On January 3, she was admitted to a short-term acute care hospital. There she was placed on a ventilator and underwent a tracheostomy. She also developed pneumonia, renal dysfunction and hypertension. Because she was unable to wean from the ventilator, Bessie’s physician chose to transfer her to Kindred Hospital Louisville for continued care.

    At Kindred Hospital Louisville, Bessie was successfully weaned from the ventilator. She recovered from her pneumonia  and her renal function improved significantly. By this point Bessie had gained strength with the help of physical, speech and occupational therapy, but her recovery was not complete.

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  • Your Most Important 30 Minutes Today

    By Ryan Squire

    We found this video on YouTube and thought that it did a great job summing up one of the most important themes of the 2011 Clinical Impact Symposium on Cardio-Pulmonary Rehabilitation across the Continuum. We would like you to share what you do in the most important 30 minutes you take for yourself today; you never know, you may inspire another reader with a unique way you stay active. Just add your thoughts in the comments.

    23 1/2 hours, What is the single best thing we can do for our health?


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  • Diabetes: Risk for Cardio-Pulmonary Disease

    By Ryan Squire
    Naushira Pandya, MD, CMDNaushira Pandya, MD, CMD

    Dr. Pandya outlined identified the objectives of her talk to review the goals of glycemic control: One size does not fit all, review the current guidelines from several national organizations for cardiovascular risk, and review best practices for diabetes management.

    Diabetes is a head to toe disease: Retinal disease, stroke, nephropathy, neuropathy, large and small vessel disease of the extremities and  this emphasizes the range of diabetes impact.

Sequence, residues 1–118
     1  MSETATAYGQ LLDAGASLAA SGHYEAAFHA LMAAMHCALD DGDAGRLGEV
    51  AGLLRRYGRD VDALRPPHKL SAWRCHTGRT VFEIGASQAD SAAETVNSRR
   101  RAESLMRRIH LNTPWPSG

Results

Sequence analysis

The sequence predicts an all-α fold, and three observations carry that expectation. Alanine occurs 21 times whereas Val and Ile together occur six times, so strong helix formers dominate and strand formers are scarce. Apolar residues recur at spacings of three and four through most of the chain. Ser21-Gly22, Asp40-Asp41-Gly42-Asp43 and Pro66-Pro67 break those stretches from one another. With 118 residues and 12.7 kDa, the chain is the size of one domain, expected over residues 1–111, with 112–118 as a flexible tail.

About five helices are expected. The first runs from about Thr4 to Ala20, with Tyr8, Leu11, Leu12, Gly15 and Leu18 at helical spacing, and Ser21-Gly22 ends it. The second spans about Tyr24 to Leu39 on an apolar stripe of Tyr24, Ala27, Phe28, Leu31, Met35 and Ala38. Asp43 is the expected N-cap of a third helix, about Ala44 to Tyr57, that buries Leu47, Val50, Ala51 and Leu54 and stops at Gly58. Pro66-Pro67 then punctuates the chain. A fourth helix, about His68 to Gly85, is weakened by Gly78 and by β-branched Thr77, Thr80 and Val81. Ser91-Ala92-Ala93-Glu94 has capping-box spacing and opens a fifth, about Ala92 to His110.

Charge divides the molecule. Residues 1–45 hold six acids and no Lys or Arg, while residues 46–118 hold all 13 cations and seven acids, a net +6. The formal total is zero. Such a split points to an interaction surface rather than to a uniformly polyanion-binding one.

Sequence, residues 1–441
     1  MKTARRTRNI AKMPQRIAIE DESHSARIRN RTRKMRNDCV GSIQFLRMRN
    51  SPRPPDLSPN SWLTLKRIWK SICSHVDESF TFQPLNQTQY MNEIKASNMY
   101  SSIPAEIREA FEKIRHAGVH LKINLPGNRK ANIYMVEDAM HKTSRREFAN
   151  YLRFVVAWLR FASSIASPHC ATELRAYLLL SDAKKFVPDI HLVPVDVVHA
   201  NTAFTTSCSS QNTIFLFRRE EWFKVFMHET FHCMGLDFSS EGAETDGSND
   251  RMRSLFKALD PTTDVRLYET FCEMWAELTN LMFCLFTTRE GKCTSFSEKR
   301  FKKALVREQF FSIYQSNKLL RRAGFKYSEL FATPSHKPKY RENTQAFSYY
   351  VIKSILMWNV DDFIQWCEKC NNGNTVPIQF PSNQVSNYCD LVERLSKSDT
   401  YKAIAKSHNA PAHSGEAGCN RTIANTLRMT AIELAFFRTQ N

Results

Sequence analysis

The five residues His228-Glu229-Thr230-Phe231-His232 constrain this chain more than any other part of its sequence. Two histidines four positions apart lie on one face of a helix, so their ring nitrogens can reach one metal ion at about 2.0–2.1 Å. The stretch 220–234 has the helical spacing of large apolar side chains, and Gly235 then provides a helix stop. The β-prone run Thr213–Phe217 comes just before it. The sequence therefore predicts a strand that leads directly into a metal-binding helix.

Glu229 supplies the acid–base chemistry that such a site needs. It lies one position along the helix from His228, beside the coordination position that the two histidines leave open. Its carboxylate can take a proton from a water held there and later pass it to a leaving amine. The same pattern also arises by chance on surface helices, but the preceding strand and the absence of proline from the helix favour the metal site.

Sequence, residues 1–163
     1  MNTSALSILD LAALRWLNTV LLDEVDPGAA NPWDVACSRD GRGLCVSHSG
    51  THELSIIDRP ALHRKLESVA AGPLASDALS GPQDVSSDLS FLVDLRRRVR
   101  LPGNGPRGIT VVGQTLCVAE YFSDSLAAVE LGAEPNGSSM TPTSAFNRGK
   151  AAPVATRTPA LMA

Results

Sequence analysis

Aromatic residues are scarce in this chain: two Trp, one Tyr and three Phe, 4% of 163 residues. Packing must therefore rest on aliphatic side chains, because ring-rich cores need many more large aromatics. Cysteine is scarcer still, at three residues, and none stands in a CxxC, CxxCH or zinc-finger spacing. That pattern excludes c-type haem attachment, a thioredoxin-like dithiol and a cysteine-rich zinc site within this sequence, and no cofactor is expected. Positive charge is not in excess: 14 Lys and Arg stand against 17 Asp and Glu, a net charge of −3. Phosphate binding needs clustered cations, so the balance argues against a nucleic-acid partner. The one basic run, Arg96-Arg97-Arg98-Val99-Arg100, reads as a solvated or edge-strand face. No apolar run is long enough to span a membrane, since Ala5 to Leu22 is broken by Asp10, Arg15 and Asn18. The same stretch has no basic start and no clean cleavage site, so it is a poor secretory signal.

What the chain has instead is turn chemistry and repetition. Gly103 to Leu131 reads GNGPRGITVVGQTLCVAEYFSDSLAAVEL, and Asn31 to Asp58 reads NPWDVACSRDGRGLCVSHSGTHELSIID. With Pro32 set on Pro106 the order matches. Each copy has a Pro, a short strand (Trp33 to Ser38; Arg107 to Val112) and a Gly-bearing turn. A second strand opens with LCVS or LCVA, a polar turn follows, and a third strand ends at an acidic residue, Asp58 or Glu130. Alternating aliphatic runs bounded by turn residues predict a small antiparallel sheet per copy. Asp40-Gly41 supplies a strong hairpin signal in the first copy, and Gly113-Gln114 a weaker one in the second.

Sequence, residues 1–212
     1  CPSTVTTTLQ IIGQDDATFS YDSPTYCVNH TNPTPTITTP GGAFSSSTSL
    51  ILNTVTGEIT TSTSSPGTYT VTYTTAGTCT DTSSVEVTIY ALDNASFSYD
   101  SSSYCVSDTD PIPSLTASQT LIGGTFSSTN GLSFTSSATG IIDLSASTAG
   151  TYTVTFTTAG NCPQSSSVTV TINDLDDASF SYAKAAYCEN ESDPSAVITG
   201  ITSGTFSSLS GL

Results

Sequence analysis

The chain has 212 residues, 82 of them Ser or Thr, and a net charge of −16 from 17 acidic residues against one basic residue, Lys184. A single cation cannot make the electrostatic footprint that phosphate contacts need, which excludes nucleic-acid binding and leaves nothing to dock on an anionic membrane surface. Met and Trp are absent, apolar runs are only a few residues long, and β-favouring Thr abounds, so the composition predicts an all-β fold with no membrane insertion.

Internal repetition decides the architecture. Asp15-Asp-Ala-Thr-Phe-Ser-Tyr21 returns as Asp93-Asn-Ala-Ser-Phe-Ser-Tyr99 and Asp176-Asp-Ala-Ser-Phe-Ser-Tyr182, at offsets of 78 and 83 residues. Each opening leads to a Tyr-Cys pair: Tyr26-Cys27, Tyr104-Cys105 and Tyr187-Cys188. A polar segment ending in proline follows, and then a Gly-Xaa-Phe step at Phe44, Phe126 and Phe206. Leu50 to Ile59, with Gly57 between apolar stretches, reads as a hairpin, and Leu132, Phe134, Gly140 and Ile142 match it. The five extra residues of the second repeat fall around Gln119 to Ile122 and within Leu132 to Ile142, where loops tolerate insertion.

There are many potential barriers to improved management of diabetes: Institutional challenges, staff/practitioner resistance, and complexity of medication regimens and all may negatively impact diabetic control. Yet, there are several basic principles that apply to diabetes management, and must involve an inter professional clinical team:

    Maintaining functional status is the over arching goal of all interventions applicable to diabetes management.

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  • Cocheco Cardiopulmonary Recovery Program Kindred Transitional Care and Rehabilitation Dover, NH.

    Presented at the 2011 Kindred Healthcare Clinical Impact Symposium by Linda Dubois, RN, AND.


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  • Lawrence Cahalin, PhD, PTLawrence Cahalin, PhD, PT

    Activities of physical therapy and rehabilitation are critical in improving outcomes for the patient with heart disease.  The areas to be focused on include aerobic exercise training, resistance/strength training, and inspiration muscle training. These may have important impacts on measures such as hospitalization, quality of life (QOL), and even survival. One of the first steps is understanding your risk for heart attack. Cahalin urged the audience to visit the American Heart Association's website for heart attack risk factor assessment and asked that we have our patients do the same and take the assessment.

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  • Daniel Forman, MD, FACC, FAHADaniel Forman, MD, FACC, FAHA

    Daniel Forman, MD, is Medical Director of the Cardiac Rehabilitation and Exercise Testing Laboratory at Brigham and Women's Hospital. Dr. Forman suggests that while most of focus of heart care is placed on diseases of the heart, there is an enormous opportunity to modify biology and lifestyle years before cardiopulmonary disease ever shows up. Lifestyle factors such as eating habits, exercise habits, tobacco use and sleep add up over time and lead to disease. Add biological factors like age, family history, and genetic predispositions and there are many factors that lead to disease.